Taking umbrage from the shadows

Taking it is what most of us do with umbrage. Some more unpleasant people also give a bit of umbrage as well (although they should not be thought of as generous). It is better to take umbrage rather than to give it. Taking umbrage is to take offence at something.

But taking umbrage was not always such an unpleasant experience. Taking umbrage initially meant to sit under a tree, or more literally taking the shade (when you take the shade under an umbrella you are taking, what from the Italian, means little shade).

The beautiful aria written by Handel in 1738, Ombra ma fui (Never was a shade), from the opera Serse and also known as Handel’s Largo, is a song in praise of the shade of a plane tree (it was used in the BBC adaptation of Pride and Prejudice). (It is a favourite of my family).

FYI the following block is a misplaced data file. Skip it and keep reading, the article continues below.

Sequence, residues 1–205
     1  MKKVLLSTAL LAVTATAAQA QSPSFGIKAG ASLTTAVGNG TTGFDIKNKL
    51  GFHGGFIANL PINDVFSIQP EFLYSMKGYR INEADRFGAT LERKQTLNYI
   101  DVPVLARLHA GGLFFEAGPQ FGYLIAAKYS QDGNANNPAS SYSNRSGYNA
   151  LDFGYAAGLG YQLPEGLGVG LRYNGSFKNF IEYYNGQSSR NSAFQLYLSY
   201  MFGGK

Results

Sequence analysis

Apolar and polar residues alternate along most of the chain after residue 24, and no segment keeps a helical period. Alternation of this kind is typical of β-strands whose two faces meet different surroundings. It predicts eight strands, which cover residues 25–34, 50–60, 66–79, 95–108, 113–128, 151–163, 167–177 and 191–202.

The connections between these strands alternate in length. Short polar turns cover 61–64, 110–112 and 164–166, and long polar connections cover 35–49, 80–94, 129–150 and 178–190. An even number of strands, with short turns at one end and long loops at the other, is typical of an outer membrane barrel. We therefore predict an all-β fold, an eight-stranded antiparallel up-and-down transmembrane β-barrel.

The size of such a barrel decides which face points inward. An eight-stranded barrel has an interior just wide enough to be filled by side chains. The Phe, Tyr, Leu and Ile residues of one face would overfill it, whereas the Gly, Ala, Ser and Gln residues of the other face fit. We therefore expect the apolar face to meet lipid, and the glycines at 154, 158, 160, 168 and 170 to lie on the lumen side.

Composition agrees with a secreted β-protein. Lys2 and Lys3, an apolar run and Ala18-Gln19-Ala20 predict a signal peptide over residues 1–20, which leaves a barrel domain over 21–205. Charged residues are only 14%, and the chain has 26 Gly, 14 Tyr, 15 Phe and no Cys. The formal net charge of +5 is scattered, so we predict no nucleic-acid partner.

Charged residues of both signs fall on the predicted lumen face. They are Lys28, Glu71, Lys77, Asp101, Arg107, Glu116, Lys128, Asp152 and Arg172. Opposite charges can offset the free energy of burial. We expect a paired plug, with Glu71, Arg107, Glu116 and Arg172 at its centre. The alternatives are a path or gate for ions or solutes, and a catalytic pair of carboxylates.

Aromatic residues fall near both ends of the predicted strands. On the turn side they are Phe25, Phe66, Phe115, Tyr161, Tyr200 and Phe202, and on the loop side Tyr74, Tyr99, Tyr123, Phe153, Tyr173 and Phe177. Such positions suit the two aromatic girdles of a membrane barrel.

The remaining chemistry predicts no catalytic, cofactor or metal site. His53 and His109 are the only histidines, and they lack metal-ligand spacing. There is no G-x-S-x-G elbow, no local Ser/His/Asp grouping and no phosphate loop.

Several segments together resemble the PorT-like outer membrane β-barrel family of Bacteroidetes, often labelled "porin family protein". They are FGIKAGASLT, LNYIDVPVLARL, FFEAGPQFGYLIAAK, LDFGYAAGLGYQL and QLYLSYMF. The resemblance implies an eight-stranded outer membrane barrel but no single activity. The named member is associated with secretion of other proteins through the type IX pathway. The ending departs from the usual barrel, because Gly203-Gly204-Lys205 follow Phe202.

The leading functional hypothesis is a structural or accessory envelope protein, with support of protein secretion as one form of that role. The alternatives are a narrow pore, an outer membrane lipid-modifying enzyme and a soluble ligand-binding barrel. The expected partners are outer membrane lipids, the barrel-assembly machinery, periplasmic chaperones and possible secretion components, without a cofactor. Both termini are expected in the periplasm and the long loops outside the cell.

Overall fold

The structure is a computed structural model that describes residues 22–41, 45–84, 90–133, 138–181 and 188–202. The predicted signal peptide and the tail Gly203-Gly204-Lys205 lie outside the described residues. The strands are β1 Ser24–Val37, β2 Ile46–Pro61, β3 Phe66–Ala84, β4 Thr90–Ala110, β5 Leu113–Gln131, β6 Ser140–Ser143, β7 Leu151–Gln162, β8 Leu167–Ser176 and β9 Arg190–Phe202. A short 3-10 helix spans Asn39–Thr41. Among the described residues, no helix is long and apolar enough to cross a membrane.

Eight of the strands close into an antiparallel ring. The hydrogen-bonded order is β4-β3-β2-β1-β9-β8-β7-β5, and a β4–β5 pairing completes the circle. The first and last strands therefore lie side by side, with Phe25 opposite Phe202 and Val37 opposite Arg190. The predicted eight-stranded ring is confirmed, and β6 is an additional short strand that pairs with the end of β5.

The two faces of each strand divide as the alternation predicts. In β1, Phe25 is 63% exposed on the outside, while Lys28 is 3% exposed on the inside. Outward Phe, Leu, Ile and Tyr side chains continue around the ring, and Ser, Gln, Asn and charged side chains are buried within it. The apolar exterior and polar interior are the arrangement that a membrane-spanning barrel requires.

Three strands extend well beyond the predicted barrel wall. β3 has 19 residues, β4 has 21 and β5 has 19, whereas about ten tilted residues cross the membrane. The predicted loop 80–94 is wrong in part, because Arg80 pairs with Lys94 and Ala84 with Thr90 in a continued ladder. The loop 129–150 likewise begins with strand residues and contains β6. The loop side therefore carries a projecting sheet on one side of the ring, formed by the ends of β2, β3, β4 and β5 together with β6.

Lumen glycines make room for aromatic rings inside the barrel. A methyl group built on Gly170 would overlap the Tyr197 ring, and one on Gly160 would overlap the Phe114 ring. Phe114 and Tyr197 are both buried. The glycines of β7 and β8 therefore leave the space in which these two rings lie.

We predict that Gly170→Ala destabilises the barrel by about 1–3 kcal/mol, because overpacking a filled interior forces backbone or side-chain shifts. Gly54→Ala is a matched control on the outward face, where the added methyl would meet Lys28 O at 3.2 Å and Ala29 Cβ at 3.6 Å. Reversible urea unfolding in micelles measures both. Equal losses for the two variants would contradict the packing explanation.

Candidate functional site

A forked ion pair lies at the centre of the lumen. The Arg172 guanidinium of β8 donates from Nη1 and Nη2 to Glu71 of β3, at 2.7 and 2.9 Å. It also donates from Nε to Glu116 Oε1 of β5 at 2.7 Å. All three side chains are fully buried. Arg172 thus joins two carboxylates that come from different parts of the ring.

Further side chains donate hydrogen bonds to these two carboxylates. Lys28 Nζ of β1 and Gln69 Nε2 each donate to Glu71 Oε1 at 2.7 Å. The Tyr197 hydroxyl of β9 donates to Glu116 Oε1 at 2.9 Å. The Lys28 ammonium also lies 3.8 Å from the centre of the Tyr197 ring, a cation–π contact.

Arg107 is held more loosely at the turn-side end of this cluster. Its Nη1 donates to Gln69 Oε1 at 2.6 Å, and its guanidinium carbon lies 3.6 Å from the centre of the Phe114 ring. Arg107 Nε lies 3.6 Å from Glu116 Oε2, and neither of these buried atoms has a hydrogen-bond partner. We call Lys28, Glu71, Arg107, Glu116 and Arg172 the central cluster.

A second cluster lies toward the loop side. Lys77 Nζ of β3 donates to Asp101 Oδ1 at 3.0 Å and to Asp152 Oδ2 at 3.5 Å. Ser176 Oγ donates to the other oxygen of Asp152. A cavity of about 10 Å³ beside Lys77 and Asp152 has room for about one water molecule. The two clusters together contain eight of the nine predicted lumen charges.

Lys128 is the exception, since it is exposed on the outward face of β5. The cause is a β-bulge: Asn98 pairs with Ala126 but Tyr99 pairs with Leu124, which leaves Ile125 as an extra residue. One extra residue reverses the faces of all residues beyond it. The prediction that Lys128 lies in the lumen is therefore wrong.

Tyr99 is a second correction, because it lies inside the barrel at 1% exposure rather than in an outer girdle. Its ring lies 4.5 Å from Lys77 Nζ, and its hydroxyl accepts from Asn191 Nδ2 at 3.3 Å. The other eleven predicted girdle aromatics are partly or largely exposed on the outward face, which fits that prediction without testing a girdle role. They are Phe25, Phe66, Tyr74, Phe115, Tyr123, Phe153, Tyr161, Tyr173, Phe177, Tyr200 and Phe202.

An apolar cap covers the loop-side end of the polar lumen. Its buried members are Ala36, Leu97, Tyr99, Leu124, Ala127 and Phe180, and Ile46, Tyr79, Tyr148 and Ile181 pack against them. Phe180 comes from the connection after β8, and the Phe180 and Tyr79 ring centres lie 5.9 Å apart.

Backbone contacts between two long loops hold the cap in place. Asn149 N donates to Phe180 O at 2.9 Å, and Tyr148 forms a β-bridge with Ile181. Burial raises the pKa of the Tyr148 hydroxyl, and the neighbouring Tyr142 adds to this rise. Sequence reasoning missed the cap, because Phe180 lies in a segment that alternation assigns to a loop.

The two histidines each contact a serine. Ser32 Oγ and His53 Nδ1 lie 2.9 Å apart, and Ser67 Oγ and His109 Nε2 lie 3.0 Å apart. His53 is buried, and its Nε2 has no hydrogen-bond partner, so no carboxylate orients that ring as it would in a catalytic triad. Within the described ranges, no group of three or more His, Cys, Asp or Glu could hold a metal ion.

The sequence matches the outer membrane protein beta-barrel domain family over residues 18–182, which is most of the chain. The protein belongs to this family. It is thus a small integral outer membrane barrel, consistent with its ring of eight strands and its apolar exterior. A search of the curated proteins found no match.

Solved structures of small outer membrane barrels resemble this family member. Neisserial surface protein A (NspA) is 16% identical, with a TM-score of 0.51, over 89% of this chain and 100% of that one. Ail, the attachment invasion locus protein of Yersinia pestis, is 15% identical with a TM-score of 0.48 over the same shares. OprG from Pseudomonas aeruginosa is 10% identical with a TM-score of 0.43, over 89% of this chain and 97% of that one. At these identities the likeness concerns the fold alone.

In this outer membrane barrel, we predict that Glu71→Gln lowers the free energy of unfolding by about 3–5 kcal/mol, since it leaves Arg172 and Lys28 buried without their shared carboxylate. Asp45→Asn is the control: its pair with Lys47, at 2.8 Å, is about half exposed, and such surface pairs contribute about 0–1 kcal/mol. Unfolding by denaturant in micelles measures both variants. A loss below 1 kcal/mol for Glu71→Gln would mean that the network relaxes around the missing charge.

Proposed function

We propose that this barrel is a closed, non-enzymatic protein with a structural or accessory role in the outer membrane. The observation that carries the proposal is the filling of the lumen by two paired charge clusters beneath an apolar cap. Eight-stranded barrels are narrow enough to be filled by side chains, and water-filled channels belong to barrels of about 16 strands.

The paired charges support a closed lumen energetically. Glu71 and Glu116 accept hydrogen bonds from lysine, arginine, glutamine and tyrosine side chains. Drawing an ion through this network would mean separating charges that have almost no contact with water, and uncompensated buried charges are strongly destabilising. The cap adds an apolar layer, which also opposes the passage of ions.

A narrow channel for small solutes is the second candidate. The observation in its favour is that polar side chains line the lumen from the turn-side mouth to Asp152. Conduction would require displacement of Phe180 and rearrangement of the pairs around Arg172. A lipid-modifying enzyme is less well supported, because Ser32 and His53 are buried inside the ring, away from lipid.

Umbrage comes into English from French ombrage meaning shade or shadow and originally from Latin umbraticus meaning of or pertaining to shade.

Umbra is a scientific and sometimes literary word for the deep shadow cast by an object (and also a ghost or phantom). It is used in astronomy to describe the shadow regions of eclipses where the full shadow region is called the umbra and the partially shaded region the penumbra. Sombre (from the French sombre) is another relative, meaning a dark mood (it comes from Latin subumbrare meaning under shadow).

So taking umbrage meaning to take offence comes from the figurative sense of having your mind shadowed with dark thoughts.